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Province takes slow approach to reforming liability legislation

That's because cities are viewed as having deep pockets when it comes to compensating accident victims.
City council will hold an in camera meeting Thursday afternoon to decide on a request from Auditor General Brian Bigger. Bigger is asking for an unpaid leave of absence because he's considering running for mayor. File photo.
That's because cities are viewed as having deep pockets when it comes to compensating accident victims.

In one case a few years ago in southern Ontario, a man who had been drinking – even had a beer in his lap while he was driving – blew threw a stop sign and caused a serious accident. The judge in the case ruled the municipality had to pay the bulk of the award because was partially responsible since the signage alerting drivers about the stop sign was inadequate.

Joint and several liability is particularly costly in Ontario for municipalities because of no-fault vehicle insurance rules. With lawsuit awards usually capped at $1 million for car insurance companies, plaintiffs often will include cities because there's no limit in place on what they can be forced to pay.

That's driving up municipal insurance costs across the province, including Sudbury. Premiums are up this year by 40 per cent in the city's police budget, almost 55 per cent in building services, 37.1 per cent in waste collection, 48.6 in Ontario Works, 40.3 per cent in children's services and 29.1 per cent in emergency services.

In dollar terms, rising premiums cost local taxpayers $300,000 in added costs this year alone. AMO has long lobbied for reform, and there was hope the new Liberal majority government would be receptive.

But in his remarks to delegates meeting this week in London, AMO president Russ Powers said they had been informed that change was not coming any time soon.

“This week the Ontario government informed AMO that it would not act on this,” Powers said, describing the current rules as “immoral and wrong.

“Other provinces have introduced sensible limits on municipal liability and protections for property tax payers. We won’t stop until we get that done.”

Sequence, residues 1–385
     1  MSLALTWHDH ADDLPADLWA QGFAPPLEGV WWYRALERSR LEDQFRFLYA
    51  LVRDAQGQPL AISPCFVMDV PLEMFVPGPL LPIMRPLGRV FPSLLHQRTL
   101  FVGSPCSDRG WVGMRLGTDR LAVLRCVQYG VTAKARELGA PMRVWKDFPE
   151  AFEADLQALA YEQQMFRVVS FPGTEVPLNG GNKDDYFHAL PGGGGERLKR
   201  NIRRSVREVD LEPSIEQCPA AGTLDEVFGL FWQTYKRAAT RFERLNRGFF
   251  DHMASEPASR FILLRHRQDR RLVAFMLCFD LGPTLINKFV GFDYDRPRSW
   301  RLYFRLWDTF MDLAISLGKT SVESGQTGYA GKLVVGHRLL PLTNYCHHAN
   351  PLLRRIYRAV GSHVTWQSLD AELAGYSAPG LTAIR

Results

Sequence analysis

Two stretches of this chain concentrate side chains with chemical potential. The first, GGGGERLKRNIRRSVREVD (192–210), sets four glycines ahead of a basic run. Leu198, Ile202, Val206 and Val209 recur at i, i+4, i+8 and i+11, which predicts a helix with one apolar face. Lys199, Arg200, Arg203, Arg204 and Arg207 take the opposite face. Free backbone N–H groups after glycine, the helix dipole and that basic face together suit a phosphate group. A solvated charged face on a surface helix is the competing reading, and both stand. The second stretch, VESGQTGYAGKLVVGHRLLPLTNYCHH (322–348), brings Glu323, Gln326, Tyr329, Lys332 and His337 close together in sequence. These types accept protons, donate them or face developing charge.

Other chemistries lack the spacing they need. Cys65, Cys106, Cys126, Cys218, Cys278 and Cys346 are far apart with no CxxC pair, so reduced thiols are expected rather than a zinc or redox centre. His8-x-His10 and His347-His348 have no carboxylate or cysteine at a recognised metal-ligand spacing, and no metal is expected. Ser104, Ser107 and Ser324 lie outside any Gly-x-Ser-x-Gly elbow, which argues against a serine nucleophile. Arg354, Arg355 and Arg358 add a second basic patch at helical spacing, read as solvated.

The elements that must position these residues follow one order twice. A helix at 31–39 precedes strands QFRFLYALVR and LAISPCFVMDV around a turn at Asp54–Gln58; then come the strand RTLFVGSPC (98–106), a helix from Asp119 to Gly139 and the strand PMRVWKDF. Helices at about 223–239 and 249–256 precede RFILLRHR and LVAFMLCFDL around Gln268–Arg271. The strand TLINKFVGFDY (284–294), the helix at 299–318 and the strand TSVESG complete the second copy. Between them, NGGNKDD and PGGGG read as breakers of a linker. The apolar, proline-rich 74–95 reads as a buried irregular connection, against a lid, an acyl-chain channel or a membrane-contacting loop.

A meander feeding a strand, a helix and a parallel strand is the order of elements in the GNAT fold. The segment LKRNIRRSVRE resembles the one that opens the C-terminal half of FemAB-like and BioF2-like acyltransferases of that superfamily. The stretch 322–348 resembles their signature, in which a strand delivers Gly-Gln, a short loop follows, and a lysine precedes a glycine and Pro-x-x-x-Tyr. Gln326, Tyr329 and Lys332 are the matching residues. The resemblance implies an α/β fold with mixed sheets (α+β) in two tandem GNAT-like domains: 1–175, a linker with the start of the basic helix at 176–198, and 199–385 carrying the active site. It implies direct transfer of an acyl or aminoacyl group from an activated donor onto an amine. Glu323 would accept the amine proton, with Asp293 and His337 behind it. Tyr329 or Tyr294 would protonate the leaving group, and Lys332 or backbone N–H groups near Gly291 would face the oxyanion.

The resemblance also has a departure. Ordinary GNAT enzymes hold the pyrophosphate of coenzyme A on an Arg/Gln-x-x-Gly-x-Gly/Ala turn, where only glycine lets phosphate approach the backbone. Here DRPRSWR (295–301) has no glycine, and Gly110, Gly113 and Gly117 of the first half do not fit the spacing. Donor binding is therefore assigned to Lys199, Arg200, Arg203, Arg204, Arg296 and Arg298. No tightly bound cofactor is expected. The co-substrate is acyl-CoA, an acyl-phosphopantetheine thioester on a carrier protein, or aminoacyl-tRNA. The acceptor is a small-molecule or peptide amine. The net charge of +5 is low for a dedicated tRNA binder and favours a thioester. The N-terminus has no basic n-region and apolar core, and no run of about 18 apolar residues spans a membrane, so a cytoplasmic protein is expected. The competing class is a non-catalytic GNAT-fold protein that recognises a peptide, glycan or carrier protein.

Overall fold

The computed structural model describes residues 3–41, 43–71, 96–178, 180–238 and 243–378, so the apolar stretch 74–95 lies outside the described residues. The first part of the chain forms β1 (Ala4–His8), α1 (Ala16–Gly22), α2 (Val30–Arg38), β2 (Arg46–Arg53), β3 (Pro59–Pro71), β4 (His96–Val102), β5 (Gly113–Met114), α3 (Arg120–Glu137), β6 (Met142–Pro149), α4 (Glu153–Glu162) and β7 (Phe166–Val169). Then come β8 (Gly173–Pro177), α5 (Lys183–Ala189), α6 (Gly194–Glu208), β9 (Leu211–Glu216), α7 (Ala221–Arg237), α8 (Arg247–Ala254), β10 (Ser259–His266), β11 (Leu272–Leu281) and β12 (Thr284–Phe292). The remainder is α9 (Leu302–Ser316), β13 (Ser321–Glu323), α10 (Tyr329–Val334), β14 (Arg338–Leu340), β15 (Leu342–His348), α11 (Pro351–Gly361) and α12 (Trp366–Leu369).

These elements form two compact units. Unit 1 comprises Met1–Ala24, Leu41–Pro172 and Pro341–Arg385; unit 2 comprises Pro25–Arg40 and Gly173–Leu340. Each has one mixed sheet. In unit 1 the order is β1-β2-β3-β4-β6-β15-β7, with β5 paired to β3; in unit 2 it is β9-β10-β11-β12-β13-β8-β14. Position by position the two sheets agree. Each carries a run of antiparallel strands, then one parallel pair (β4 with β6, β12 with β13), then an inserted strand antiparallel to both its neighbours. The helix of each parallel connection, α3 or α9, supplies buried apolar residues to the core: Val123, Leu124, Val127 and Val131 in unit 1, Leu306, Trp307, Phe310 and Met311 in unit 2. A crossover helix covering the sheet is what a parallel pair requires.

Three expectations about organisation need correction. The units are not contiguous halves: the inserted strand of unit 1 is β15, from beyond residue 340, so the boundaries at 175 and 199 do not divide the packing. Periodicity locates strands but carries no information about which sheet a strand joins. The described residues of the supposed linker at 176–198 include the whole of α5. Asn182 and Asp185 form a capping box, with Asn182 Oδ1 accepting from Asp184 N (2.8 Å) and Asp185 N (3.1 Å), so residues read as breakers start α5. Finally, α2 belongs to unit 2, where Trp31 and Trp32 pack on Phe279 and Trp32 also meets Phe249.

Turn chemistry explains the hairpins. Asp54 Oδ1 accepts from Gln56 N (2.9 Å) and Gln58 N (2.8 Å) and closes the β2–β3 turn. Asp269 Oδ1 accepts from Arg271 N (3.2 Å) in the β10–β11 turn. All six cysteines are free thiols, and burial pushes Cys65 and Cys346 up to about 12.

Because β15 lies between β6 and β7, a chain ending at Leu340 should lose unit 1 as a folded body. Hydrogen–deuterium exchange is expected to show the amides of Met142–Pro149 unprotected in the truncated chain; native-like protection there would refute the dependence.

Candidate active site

While not ruling out changes, Attorney General Madeleine Meilleur told the Ontario Legislature in July the government wants to ensure that whatever changes they make won't end up hurting victims or have other unintended consequences.

That's what happened under the no-fault insurance rules, which were aimed at slowing the rise in automobile insurance rates. Another example is a Supreme Court of Canada ruling that capped general damage awards at $100,000, and tied it to inflation. That prompted judges to look for other parties who could pay compensation to accident victims. So reform will take time, Meilleur said.

“Legal liability reform is an important and complex issue,” she said, in response to a question from PC MPP Randy Pettapiece. Whatever the province does, she said “there will be winners and losers. It’s a very complex matter, and we want to make sure that we have it right before we move forward.”

Ontario is reviewing rules used by Saskatchewan, she said, to see whether they could work here. Under that model, “if there is a shortfall because one defendant is insolvent and the plaintiff’s own negligence contributed to the harm, the shortfall is divided among the remaining defendants and the plaintiff, in proportion to their fault,” says a post on AMO's website.

“Another model will limit municipal liability for negligence in road maintenance to two times the proportion of damage,” Meilleur said. “It could look very simple for some of us, but it’s a very complex issue. Indeed, if this bill is passed, (as I said) there will be winners and losers, and that’s what we have to consider before moving forward with it.”

Darren MacDonald

About the Author: Darren MacDonald

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